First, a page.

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Banding Together for Waterfowl

Cooking: Dry-Aging Versus Brining

By Scott Leysath
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  • photo by John Hoffman, DU
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By Scott Leysath

For many years, I've preached the importance of getting harvested waterfowl cooled, cleaned, and processed for the fridge or freezer as quickly as possible. I've also recommended soaking dark-fleshed birds for several hours in a brine solution, which leaches out the gamey taste while adding flavor and moisture to the cooked meat. This brining method has changed the minds of many people who had previously believed that ducks weren't the finest table fare.

An alternative way to improve the flavor of waterfowl is through dry-aging, which has its advocates as well. Chef John McGannon is, in my opinion, the nation's leading authority on dry-aging meats. According to McGannon, "Once you experience eating dry-aged waterfowl, you will never go back. Fresh waterfowl are earthy and tough due to high levels of oxygen-rich blood, which is great for long-distance flights, but not always good for their culinary value." 

Recently, I decided to heed McGannon's advice and give dry-aging another try. After thawing out a few fat mallards, I split them along the breastbone, patted them dry, and set the split birds on a rack with a drip pan underneath them. Dry-aging needs to be done in a controlled environment like a refrigerator. Temperatures above 40 degrees invite bacteria, and anything below 34 degrees is too close to freezing. 

Keep the temperature between 35 and 39 degrees. John recommends aging large ducks for 5 to 7 days. Mine aged for the full week. 

Just to make it interesting, I brined a split duck for 12 hours in a solution of two quarts of cold water and 1/2 cup of kosher salt. I seasoned both the aged and brined ducks with coarse salt and cracked pepper, and seared them on a white-hot grill until the internal temperature was 135 degrees. After letting the birds rest for a few minutes, it was time for the taste test.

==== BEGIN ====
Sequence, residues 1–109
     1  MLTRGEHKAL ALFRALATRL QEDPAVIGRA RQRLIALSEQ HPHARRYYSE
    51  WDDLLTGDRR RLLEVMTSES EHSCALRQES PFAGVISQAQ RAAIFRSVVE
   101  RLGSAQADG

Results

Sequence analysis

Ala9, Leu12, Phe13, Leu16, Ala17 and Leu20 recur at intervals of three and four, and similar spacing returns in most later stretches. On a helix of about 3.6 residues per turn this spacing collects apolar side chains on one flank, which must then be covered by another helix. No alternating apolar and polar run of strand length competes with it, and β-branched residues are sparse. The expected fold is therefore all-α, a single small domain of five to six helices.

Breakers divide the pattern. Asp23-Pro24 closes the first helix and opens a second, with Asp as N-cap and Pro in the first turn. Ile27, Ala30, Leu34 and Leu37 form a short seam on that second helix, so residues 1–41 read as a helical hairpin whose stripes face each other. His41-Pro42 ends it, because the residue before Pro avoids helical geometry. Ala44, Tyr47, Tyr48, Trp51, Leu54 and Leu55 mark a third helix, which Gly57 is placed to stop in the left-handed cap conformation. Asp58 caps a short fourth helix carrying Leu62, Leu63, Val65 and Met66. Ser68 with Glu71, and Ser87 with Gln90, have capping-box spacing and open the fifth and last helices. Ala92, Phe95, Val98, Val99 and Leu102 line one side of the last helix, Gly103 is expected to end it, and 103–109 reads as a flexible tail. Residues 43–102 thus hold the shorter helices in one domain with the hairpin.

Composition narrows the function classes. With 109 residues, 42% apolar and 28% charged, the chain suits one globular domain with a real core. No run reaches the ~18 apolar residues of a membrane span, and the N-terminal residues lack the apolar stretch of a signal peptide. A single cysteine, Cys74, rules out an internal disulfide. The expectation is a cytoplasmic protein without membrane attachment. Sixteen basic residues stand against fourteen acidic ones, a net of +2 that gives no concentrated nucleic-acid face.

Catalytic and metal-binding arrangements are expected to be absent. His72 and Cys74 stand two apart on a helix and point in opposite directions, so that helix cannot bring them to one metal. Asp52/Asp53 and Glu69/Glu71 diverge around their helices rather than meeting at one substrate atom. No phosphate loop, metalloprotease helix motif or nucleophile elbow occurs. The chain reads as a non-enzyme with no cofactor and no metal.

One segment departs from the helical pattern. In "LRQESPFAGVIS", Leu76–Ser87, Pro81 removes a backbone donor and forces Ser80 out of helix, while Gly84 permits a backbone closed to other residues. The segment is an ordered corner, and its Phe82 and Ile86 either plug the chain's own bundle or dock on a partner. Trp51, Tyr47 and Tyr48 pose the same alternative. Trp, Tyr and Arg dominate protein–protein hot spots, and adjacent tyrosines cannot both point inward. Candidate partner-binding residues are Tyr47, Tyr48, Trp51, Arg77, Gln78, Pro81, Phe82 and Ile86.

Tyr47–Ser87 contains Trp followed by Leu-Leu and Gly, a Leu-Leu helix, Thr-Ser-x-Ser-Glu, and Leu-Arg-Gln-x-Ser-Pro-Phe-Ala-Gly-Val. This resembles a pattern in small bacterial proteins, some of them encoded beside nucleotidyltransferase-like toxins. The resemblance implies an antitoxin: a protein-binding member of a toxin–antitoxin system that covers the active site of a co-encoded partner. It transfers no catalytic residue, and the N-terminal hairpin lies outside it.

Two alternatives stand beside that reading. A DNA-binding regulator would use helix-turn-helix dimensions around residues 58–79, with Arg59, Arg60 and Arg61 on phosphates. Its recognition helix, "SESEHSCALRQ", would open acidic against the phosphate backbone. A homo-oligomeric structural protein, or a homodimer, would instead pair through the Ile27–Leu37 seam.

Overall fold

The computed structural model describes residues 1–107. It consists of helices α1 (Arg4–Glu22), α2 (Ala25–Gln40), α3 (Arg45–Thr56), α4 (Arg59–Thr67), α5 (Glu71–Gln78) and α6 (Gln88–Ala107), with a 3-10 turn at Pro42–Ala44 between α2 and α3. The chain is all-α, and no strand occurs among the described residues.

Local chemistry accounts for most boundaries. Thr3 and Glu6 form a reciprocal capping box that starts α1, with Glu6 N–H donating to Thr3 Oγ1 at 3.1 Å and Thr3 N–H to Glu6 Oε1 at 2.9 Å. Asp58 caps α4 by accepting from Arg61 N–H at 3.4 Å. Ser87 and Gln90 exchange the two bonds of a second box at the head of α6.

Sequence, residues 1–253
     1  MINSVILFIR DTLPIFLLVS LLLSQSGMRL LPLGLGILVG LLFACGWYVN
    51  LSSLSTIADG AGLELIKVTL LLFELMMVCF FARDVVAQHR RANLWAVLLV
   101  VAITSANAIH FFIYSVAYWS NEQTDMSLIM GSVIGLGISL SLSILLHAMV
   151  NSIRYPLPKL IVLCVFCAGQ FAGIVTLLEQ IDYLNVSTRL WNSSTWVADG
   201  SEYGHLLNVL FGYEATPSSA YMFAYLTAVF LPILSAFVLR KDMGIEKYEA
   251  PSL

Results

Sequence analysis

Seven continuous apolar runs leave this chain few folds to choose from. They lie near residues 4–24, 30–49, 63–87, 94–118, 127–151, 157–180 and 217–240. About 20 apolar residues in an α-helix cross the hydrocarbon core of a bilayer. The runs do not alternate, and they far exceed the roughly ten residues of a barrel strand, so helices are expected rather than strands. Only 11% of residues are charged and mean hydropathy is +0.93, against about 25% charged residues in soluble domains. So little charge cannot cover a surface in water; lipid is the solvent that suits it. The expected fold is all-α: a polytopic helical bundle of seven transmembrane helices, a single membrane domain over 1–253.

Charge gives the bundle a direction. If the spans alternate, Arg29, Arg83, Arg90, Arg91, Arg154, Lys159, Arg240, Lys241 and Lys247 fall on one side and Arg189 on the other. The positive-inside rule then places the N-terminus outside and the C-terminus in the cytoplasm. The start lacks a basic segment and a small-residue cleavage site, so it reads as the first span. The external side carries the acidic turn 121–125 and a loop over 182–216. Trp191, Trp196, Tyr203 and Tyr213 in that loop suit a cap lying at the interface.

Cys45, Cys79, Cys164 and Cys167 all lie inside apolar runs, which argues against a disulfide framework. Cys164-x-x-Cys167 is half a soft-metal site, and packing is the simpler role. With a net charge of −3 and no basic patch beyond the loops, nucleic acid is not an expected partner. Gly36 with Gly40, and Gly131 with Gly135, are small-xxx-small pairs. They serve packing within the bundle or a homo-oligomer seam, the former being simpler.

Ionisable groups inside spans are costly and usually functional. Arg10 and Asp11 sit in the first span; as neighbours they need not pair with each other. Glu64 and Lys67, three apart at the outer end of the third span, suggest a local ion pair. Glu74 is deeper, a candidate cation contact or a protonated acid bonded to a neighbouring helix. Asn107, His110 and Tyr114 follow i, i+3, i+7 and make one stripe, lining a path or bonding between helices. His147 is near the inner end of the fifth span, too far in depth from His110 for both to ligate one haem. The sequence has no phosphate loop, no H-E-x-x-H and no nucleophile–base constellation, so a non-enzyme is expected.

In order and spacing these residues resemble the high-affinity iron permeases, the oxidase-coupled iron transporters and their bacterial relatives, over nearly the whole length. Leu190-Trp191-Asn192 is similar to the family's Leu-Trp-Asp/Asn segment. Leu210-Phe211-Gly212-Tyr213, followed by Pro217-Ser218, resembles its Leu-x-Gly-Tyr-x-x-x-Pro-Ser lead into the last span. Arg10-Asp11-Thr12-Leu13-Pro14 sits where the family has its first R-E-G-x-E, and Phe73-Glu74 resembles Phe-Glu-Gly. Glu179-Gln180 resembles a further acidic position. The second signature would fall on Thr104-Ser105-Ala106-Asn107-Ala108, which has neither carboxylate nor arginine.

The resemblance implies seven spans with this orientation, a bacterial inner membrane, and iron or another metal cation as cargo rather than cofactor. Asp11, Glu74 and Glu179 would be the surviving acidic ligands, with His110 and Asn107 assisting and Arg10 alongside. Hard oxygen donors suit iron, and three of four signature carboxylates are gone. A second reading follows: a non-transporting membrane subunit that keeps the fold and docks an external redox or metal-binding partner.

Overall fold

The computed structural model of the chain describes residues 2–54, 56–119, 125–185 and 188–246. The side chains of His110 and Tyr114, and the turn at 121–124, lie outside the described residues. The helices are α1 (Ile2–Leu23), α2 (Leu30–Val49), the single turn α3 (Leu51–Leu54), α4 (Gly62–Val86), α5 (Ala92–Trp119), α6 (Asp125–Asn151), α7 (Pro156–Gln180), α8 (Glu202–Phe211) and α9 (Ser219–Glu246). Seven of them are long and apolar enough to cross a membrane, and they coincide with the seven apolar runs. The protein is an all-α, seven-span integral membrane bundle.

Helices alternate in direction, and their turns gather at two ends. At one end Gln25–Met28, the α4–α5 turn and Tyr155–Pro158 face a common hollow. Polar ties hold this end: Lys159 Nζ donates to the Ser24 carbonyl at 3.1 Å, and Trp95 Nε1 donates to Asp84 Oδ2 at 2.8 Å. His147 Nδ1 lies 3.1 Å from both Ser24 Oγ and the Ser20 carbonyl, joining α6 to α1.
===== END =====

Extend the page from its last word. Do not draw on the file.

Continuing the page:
The flavor of the dry-aged duck was exceptional and the meat was slightly more tender than the brined bird. But the flavor of the brined meat was just as tasty. Neither had the gamey aftertaste of a duck that had not been brined or dry-aged. Something tells me that John McGannon is going to want to challenge me to a cook-off. 

Cast-Iron Duck Fillets
This recipe lets the natural flavor of a dry-aged or brined duck speak for itself instead of masking it with potent marinades. The duck's skin should be crisp, not rubbery, and the best pan for the job is a well- seasoned cast-iron skillet. Fire it up over high heat for at least 10 minutes before adding the duck.
Preparation Time: 10 minutes  
Cooking Time: 6–7 minutes
Serves: 4

Ingredients
  • 4 medium to large duck breast fillets, skin intact
  • Fresh seasonal vegetables, roughly chopped
  • Kosher or sea salt
  • Freshly ground black pepper
  • 2 tablespoons olive oil
  • Juice of 2 lemons
Directions

1. Place the duck fillets and vegetables in a large bowl. Liberally season the duck and veggies with salt and pepper. Cover the bowl with a towel and let the ingredients rest at room temperature for 20 minutes.

2. Heat a cast-iron skillet over high heat. Place the duck fillets in the pan, skin side down. Once the skin is crisp, flip the ducks over and add the vegetables. Cook the ducks for another 3 to 4 minutes or until the internal temperature is 135 to 145 degrees for medium-rare. Be careful not to overcook the vegetables. Before removing the pan's contents, add olive oil and lemon juice, and stir.

3. Remove the duck fillets from the pan and allow them to rest for 5 minutes before slicing each one across the grain into 1-inch-thick pieces. Season to taste with additional salt and pepper.


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